As for the music, I enjoy the fact that Bu-La-La is written not with the intention of being an “English Miku song”, but rather a song that just happens to be in English. What that means is, even if the song was in any other language, the musical beat is still just as catchy. Miku’s tone has just the right amount of dryness, and there’s a good variation within a song that’s strong point was its somewhat nonsensical repetitiveness. Again, some of the English is incorporated in a way that sounds natural to a Vocaloid song.
However, generalizing the problems with Hatsune Miku V3 English is unfortunately easy: unclear pronunciation continues to bar Miku’s usability in different languages. During drawn-out notes of slower songs, you can sort of make out the effort Miku’s voice actress, Saki Fujita, put into the English. Fujita reportedly re-recorded many times at the instruction of an English tutor, and trained to differentiate r and l sounds. Miku already has a robotic lilt in her Japanese, so it’s unfair to expect her English not to have an unnatural feel that goes beyond the Japanese accent.
Half of the problem lies with the use of the software, because one of the key differences between the Japanese and English languages is the way the words are emphasized when placed in a sentence. Japanese is largely syllabic and can withstand and even suit being broken down into robotic sounds, but English words and sentences have very specific ways of delivery.
In Bu-La-La, for example, the lines “What a worthless-world this place is” and “All the fogging-round my pride eyes” (dashes mine) tend to skip over the two phrases that hold the most meaning, “world” and “fogging.” In the interest of fitting the entire line in, the spacing is jumbled together and we don’t really catch the words. English singers would likely draw them out for their impact and ditch a few extraneous articles.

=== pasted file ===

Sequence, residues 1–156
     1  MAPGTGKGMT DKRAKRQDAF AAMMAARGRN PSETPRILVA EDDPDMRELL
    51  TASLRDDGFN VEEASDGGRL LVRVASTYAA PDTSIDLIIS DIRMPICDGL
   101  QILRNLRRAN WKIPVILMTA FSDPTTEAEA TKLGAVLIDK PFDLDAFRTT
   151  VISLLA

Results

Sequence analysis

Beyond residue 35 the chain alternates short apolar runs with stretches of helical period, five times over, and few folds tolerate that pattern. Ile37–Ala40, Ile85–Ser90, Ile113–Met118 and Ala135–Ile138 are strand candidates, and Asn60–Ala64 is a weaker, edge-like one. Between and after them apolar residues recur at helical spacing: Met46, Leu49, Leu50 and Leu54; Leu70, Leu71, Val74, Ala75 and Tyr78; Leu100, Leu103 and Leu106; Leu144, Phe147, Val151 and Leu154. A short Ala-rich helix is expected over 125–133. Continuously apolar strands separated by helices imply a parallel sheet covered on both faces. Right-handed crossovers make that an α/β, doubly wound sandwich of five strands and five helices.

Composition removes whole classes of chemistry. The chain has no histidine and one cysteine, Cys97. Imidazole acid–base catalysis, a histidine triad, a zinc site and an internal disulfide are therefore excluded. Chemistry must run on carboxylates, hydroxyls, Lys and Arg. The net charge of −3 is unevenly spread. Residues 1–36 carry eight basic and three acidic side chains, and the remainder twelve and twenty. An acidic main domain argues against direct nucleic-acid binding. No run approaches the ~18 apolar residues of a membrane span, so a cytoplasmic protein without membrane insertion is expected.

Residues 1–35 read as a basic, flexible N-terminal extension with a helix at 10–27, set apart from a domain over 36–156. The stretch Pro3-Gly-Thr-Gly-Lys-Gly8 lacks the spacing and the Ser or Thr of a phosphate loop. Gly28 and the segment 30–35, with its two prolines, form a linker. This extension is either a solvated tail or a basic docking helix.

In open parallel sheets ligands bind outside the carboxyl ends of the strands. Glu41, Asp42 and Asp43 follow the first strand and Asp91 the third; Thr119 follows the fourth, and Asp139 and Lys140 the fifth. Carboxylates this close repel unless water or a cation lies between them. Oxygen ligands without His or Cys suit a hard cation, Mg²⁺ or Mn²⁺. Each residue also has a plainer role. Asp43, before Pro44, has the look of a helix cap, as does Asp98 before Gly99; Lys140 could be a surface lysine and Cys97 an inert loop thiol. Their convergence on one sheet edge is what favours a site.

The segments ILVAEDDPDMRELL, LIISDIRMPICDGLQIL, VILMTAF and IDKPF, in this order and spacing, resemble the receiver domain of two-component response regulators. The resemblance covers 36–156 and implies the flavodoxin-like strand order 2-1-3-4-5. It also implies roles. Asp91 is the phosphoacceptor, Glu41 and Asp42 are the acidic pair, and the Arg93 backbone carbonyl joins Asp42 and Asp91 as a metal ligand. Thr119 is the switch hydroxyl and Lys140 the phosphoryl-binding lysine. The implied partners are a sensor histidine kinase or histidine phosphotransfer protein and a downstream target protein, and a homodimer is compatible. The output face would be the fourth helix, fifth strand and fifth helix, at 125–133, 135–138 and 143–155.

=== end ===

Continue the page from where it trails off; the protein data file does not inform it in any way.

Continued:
In the end, I can accept Bu-La-La’s shortcomings as an English song written by a Japanese person. Even if piroparu doesn’t intuitively understand the way the English language is spoken or sung, he dares to write an abstract song with a quintessential Vocaloid song sound. At the very least, it doesn’t commit the sins of tediously straightforward messages of love that both Glass Wall (that opened Lady Gaga’s concert) and Sharing the World (the one that will open Miku Expo) have.
Even if you can’t understand Miku’s English when she sings too fast, restricting Miku English to ballads sounds infinitely boring and loses the Vocaloid appeal she has. Therefore, Bu-La-La gets bonus points and the “not as bad as it could have been” award.
-Great PV animation.
-Well-written lyrics that actually tie the story together.
-Daring use of Miku English for an unusually abstract song.
-Miku English’s shortcomings in pronunciation and grammar.